Dir: Gale Edwards. Australia. 2010. 91mins
It’s difficult to forget Mark Herman’s Brassed Off (1996) while watching this Australian ‘threatened brass band wins competition’ movie. William Zappa’s craggy-faced, cranky conductor Edwin is in the same mould as Pete Postlethwaite’s equally raw-boned tyrant in the earlier film; there’s a youthful romance and plenty of stirring brass music well mimed by some dedicated actors.
In league with cinematographer Robert Humphries, Gale Edwards fills the screen with colour, movement and detail.
Local distributor Hoyts is giving A Heartbeat Away a 73 screen multiplex release (from March 17) and clearly sees it as an Easter ‘family film’, with a middle-aged marching band for the oldies and a rock band for the kids. For the story revolves around the father/son conflict between bandmaster Edwin and his wide-eyed guitarist son Kevin (Sebastian Gregory). When dad gets hit by a passing truck, son must take over conducting duties for the Regional Championships.
But while Brassed Off had a desperately real social background ‑ the deliberate winding-down of the area’s mining industry ‑ Heartbeat is set in a mythic Queensland fishing village whose villainous Mayor (boo! hiss!) has an unlikely plan to build skyscrapers on the local brass band’s clubhouse. With no anchor to reality, director Gale Edwards, whose debut feature this is, has gone all out for fantasy and heightened feel-good comedy.
Edwards is one of Australia’s best-known theatre directors. She’s won awards on New York’s Broadway and London’s West End, usually with big musicals. Certainly this doesn’t look like a debut movie. In league with cinematographer Robert Humphries (Somersault, SuburbanMayhem), she fills the screen with colour, movement and detail.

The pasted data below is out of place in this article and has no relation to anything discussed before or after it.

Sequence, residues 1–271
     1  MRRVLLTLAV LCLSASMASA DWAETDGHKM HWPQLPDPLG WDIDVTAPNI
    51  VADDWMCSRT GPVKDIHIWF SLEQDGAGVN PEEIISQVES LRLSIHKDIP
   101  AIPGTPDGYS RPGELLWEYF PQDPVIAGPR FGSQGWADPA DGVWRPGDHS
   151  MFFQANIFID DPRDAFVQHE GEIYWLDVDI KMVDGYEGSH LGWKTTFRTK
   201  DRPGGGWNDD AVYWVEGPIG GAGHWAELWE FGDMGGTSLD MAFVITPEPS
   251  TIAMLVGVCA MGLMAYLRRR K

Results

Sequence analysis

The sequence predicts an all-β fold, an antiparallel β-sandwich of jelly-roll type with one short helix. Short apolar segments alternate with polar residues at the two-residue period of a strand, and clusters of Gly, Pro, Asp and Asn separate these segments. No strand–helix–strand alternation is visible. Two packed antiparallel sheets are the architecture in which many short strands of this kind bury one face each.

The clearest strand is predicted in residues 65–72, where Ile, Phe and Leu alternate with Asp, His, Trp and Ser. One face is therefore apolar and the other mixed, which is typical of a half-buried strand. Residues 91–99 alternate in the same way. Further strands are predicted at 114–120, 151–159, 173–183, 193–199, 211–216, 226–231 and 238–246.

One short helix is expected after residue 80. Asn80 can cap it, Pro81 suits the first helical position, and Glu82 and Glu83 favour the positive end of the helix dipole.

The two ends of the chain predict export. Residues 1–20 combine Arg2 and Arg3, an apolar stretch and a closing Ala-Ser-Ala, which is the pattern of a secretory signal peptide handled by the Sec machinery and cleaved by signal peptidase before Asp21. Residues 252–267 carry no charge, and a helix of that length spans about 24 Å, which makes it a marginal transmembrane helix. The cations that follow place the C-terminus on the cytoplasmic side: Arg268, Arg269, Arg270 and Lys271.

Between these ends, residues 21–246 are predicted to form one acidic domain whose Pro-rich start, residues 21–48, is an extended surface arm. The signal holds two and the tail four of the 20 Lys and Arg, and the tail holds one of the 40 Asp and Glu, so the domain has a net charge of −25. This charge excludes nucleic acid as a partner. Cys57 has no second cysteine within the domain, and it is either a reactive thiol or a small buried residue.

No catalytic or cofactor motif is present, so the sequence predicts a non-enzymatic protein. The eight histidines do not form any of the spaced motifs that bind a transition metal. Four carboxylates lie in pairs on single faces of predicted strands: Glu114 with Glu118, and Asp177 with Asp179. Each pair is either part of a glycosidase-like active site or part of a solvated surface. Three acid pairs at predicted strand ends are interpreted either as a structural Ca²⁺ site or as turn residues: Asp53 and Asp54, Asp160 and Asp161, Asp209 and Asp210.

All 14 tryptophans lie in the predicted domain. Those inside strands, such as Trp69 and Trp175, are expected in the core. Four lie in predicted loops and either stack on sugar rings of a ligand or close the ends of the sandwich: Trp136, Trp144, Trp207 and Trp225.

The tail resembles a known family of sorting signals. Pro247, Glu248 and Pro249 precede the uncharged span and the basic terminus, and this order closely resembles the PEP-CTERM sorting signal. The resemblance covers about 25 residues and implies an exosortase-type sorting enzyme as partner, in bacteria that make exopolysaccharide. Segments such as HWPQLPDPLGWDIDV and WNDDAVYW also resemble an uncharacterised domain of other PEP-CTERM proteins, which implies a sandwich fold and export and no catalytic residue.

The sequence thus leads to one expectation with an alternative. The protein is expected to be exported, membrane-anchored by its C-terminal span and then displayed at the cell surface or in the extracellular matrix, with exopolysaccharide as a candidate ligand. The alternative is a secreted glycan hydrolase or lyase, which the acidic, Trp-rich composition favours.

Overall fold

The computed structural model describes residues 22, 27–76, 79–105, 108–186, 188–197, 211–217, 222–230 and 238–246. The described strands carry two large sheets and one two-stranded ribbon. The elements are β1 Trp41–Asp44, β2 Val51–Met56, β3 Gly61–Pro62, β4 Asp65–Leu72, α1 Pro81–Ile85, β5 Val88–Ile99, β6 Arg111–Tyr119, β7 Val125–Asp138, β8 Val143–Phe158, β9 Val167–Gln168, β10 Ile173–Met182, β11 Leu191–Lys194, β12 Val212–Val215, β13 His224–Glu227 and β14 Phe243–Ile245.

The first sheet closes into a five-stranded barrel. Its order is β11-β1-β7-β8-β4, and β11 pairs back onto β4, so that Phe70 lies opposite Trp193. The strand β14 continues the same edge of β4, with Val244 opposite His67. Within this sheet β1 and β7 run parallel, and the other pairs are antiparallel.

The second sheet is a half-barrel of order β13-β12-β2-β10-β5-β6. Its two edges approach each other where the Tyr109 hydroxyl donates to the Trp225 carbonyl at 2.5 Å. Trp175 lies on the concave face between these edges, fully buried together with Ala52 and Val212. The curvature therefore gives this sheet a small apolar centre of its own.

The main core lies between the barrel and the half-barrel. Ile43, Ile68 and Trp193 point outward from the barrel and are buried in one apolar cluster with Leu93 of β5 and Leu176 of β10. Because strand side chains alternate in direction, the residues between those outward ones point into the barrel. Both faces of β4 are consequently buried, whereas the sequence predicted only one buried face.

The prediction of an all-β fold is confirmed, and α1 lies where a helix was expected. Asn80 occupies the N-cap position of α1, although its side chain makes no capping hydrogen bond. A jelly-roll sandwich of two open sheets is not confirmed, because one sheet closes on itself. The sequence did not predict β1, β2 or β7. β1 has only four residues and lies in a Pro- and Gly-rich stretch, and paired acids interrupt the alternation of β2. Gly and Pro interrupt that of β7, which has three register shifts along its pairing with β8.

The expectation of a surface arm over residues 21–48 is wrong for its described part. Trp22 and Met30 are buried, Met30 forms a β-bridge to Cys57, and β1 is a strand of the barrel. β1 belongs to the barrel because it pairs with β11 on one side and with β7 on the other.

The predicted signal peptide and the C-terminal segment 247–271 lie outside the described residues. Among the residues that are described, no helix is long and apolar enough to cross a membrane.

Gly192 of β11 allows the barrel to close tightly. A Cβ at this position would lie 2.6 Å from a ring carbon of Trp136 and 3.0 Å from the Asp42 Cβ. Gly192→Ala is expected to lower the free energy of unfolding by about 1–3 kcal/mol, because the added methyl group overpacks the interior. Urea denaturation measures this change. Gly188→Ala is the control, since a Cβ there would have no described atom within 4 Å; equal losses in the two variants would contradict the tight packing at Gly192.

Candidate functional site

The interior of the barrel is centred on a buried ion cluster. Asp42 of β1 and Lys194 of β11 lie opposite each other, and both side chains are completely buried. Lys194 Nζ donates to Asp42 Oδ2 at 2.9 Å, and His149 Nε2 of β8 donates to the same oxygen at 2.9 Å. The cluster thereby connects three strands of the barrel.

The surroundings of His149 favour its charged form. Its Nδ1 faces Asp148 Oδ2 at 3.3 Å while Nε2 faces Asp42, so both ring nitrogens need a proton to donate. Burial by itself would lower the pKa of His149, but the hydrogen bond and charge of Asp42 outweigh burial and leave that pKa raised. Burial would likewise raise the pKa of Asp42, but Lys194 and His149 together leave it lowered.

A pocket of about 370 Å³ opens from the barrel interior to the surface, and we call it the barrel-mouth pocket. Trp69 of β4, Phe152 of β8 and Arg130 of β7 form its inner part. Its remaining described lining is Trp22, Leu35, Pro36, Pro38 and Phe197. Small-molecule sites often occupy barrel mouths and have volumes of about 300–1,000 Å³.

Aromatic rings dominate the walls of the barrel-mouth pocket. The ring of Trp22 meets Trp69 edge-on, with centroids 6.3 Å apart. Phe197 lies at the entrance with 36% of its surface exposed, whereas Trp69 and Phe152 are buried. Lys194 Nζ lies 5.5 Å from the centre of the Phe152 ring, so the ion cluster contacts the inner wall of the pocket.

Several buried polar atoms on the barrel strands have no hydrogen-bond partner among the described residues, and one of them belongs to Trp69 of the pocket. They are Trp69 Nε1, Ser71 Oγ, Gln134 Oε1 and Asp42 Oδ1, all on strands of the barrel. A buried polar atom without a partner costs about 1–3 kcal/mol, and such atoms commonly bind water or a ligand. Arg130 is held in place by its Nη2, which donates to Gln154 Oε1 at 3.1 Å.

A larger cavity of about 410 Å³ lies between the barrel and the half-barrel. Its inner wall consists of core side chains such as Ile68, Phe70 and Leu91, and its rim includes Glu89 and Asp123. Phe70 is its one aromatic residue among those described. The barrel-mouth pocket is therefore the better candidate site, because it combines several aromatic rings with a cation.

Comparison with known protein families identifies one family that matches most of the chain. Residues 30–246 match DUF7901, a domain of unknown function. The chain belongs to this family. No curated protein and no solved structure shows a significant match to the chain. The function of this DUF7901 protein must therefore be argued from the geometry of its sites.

Her setups and lighting ideas are constantly engaging, and she plays happily with digital skyscapes, multiple wipes and whip pans. What she needs now is a script with more substance, reality and purpose than this thin fairytale romance.
Gregory and Nicole-Kidman-lookalike Isabel Lucas make a handsome prince and gorgeous princess; Colin Friels is suitably dastardly as the champagne-sipping Mayor. There’s a comedy drummer and a way-too-cute comedy dog.
Guy Gross has scored some excellent brass music to accompany the full-on set pieces – marching band versions of MacArthur Park and, surprisingly effective, Nirvana’s Smells Like Teen Spirit.
Production company: Pictures In Paradise
Aust/NZ distribution: Hoyts Distribution
International sales: Arclight Films, www.arclightfilms.com
Producer: Chris Fitchett
Executive producers: Chris Brown, John Lee, Gary Hamilton, Ian Gibbins, James Atherton, Jan Pace
Screenplay: Julie Kincade
Cinematography: Robert Humphries
Editor: Matt Villa
Production designer: Karen Harborow
Music: Guy Gross
Main cast: Sebastian Gregory, William Zappa, Tammy MacIntosh, Colin Friels, Isabel Lucas, Kerry Walker, Roy Billing